You may be at the point where you're considering switching financial institutions, but the thought of it makes you apprehensive. What happens if you forget something? Will your bills get paid? What if you mix up a number? Those are all common questions that everyone has before they finally make the decision to switch. Before you decide to just stick it through with a financial institution you're unhappy with, know that switching isn't that bad. Here's how to make the switch as efficiently as possible.
1. Choose your new financial institution
Before you close your account, make sure you do the research on other financial institutions. Figure out what exactly it is that you're unhappy about with your current financial institution, what you're looking for in products and services, and make your decision from there. Once you decide, you can take the first step in switching everything over.
2. Open an account
Once you choose the financial institution you want to become a member of, you'll open an account. Most institutions allow you to apply to open an account online, which makes it easier if you don't have time to head to a branch. You may need to pop in at some point to verify your identity, but you can do most of the application and signatures online now.
3. Make your payroll change
After your account is opened, you'll be given paperwork that contains the institution's routing number and your account number. Begin the process of changing your direct deposit from the account of the financial institution you're looking to leave to your new account. Make sure that you monitor your new account to ensure that your payroll is depositing into that account before you close your other account.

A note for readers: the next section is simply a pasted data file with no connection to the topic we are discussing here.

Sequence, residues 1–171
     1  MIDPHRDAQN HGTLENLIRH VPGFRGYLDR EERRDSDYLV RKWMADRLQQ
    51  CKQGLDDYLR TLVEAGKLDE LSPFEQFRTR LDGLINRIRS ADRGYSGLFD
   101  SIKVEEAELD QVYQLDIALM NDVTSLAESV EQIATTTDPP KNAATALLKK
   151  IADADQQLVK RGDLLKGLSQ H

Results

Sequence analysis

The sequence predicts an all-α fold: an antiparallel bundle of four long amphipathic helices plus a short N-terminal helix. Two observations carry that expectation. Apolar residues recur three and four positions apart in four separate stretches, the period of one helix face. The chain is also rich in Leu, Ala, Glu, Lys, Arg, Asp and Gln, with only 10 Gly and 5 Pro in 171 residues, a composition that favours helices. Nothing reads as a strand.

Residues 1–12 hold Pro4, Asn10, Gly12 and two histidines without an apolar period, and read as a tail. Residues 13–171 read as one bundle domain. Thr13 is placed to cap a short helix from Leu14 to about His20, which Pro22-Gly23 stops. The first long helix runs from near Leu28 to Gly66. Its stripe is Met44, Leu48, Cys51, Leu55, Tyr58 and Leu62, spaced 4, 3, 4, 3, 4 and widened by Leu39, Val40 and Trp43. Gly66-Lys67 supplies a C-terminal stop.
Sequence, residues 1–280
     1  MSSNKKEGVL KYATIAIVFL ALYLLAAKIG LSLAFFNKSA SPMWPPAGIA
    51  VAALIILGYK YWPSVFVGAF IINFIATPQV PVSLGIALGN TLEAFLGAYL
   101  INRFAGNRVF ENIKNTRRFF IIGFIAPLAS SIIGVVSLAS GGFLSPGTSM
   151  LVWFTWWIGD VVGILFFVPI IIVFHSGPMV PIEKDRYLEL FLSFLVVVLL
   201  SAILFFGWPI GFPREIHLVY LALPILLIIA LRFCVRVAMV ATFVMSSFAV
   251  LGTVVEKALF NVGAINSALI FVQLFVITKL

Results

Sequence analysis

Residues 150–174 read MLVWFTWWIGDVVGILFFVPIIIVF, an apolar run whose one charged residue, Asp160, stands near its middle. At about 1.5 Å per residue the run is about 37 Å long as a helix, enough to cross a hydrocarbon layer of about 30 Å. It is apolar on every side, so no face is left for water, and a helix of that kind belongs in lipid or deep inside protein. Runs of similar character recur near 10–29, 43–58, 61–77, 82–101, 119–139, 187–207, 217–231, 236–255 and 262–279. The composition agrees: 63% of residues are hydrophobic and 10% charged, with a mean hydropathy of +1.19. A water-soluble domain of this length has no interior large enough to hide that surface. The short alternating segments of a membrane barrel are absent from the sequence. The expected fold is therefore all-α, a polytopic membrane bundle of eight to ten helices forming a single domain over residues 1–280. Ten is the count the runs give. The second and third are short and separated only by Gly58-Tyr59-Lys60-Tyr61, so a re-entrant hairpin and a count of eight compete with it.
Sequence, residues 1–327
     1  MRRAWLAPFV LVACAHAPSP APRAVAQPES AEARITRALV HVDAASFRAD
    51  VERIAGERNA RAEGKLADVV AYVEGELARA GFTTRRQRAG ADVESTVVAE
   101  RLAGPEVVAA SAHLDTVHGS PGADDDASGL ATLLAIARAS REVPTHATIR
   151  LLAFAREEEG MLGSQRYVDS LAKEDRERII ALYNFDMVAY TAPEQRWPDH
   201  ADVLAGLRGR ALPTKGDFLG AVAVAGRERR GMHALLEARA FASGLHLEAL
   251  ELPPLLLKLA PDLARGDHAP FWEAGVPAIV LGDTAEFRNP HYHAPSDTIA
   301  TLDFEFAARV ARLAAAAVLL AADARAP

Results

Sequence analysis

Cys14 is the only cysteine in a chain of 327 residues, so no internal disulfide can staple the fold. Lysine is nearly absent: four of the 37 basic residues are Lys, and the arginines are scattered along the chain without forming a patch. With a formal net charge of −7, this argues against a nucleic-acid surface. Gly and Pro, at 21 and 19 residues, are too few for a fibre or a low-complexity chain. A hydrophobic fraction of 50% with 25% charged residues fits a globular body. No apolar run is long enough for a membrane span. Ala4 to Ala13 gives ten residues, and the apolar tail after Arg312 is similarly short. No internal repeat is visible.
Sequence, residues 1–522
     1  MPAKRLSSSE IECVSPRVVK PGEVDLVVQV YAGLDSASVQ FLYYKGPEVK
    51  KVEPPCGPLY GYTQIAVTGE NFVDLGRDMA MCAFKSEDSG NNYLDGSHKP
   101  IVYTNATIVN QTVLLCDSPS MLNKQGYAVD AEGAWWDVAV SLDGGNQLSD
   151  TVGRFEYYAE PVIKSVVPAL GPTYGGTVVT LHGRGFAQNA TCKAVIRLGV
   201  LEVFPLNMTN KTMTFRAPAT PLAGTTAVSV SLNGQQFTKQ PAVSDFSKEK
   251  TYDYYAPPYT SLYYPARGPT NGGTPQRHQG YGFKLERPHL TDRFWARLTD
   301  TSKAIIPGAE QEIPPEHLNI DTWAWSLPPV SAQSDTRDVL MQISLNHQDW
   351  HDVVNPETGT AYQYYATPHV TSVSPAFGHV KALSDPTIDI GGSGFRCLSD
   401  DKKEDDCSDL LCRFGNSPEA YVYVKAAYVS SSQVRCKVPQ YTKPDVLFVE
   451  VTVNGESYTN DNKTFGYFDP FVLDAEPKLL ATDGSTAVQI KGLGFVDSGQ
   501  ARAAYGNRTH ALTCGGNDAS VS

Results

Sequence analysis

4. Make a list of all automatic payments/deposits
After you switch your payroll information, you'll start seeing your paychecks depositing into your new account. This will provide you with the money you need to begin switching over your bills and other automatic payments and deposits. The best thing to do is make a list of all of your bills that are set up on automatic payments. These include: oil, electricity, cable, cell phone, rent/mortgage, car insurance, credit cards, loans, etc. Make sure that you include the day that the payment is processed so you know when to check to ensure the payments cleared.
5. Update all of your automatic payments/deposits
Once you have your list made up, you can start making the switch for your automatic payments and debits. Make sure to check your new account on the dates on when the transaction(s) process. After the first round of payments is processed, you should be all set to close your account.
6. Close your account
When all of your automatic payments and deposits are effectively transacting through your new account, you can officially close your old account. This ensures that your account won't reopen because of a missed transaction. By then, you'll catch anything you may have missed when making your list and can change before you close your account. You'll close your account and can deposit the money into your new account quickly and efficiently.
Please be aware that some financial institutions will reopen an account that's closed if a transaction occurs after you close it. This could be an automatic payment, deposit, etc. Make sure that everything is processed before you close your account, or you may end up with an overdraft on the account you thought you closed.
Some financial institutions even offer what they call a "switch kit" where it has all of the documents and resources you need to guide you through the transition from your previous financial institution to your new one. It's really simple and easy. Once you make the switch, you'll be glad you did.